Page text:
Now, heavy rains make me think of this displacement and temporality of shelter as I know it. I look outside and it forces me to think about the privileged position that I am in. I live high above the water level if there ever is a flood. I may or may not have power, but my living space is cool enough and I am consistently hydrated. I have food to eat, even if there is a chance that it will go bad. I have a place that I can return to when the rain falls quickly. I have a place that is safe, where I have dry clothes and a support system. In Toronto, there are lots of people who don’t have that. There are lots of people displaced who are threatened by severe weather. People living in unsafe housing or outdoors whose possessions are at continuous risk of being destroyed, stolen or “cleaned up”. For those people, every rainstorm can be as devastating to them as Hurricane Katrina. Their ‘heavy rains’ may not even be tied to weather, they are tied to social, political and economic positions that they are placed in often through no fault of their own. We have an obligation to make sure that everyone has safe housing, and that there are adequate supports for those who are displaced. When the heavy rain is over, and my power is back up, I have the privilege of breathing a sigh of relief.

It really is time for change, to end displacement as we know it.

It doesn’t take a dream, it just takes a commitment.

 

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A Reflection After 2 Years — Isaac Coplan Thursday, Aug 4 2011 

A view from the mini-van mirror. Isaac is in the red shirt in the middle.

I was part of the 2009 group, the maiden voyage. Even after two years, I feel like NOLA is still with me, or maybe I’m with NOLA. When I’m walking around, and I see something I think of something that happened in NOLA. The other day I was having a discussion with a friend who I met in NOLA on the trip, Ahmad Taib. We decided that individually, our group had done a fair amount of work; however, the real change is coming through the dedication of Pascal Murphy and Tanya Gulliver who are amplifying the experience of our group through continuing the program. There is need for this to continue. Change, in this case really can start with a small experiment. This trip allowed me to be part of a group who cared about the world. I was dedicated to taking whatever actions I could to make things at least a little better. I was also motivated by curiosity and a desire to learn through experience; I invaded NOLA hungry to devour everyone’s information (and a few po’ boy sandwiches along the way).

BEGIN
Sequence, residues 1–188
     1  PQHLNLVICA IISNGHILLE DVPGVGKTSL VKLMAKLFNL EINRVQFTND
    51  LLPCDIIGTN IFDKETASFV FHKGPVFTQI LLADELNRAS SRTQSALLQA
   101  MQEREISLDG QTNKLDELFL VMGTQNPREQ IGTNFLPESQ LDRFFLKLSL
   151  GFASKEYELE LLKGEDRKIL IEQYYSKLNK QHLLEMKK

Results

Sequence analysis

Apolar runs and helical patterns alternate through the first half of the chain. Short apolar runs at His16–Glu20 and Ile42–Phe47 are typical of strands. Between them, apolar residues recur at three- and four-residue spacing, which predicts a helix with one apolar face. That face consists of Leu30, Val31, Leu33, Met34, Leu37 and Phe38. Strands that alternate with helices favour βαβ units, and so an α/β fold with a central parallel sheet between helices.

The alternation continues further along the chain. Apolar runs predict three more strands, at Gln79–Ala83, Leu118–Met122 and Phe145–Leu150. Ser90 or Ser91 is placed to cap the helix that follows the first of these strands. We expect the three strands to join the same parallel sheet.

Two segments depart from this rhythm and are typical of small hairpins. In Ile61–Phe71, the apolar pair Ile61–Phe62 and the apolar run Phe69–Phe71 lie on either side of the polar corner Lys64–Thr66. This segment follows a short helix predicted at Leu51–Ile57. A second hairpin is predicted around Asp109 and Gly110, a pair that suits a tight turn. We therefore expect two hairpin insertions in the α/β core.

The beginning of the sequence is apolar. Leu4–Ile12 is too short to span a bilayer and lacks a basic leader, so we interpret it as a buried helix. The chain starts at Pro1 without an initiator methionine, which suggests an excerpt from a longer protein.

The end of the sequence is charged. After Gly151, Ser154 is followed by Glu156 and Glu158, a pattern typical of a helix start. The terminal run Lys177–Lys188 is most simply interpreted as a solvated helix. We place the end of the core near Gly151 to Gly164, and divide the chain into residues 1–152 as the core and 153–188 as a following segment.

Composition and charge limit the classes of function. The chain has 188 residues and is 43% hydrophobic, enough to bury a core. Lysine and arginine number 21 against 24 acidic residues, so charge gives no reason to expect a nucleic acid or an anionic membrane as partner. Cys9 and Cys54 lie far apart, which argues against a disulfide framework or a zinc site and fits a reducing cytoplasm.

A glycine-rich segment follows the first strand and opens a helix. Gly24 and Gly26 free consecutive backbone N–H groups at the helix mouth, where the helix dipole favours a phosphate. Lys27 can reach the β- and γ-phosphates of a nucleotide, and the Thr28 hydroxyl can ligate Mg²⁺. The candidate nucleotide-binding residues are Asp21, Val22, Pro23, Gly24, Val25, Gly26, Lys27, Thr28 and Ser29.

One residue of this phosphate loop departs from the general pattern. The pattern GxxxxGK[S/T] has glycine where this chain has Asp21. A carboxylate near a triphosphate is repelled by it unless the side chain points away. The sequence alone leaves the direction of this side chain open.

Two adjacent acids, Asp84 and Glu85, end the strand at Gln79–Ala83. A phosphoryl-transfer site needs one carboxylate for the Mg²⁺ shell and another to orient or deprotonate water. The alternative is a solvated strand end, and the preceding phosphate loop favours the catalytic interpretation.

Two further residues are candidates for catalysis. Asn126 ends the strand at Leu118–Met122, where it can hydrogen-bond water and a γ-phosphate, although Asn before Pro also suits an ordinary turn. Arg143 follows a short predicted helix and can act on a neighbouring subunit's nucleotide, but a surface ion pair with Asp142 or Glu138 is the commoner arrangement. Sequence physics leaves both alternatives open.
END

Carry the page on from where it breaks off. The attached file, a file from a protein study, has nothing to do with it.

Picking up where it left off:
The 416/647/905 to the 504 boy band – Isaac, Said and Chris.

There have been a lot of questions in my mind in the last two years about the volun-tourism industry. There is significant evidence that shows that in some circumstances, NGOs can bypass state plans and enforce top-down agendas on communities. However, what we did in New Orleans was very different. We were rebuilding houses that had stood there before the hurricane. A Hurricane that SHOULDN’T have done the damage it did. I didn’t arrive in New Orleans with answers, I arrived with questions.

In a strange way, if there had not been a Katrina I would not have met so many people. I would not have had the opportunity to go and work in the Lower Ninth Ward. Since I do believe in the ripple effect, I can say that Katrina has also changed my life. In response to the storm, I was part of a group of students and professors who share a similar compassion for the world.

Isaac and pals work on a house in the Lower Ninth Ward, May 2009. Left to right: Isaac, Chris, Said, Kevn and Ahmed.

I will be returning to New Orleans, Louisiana.

There, I said it publicly, no take-backs.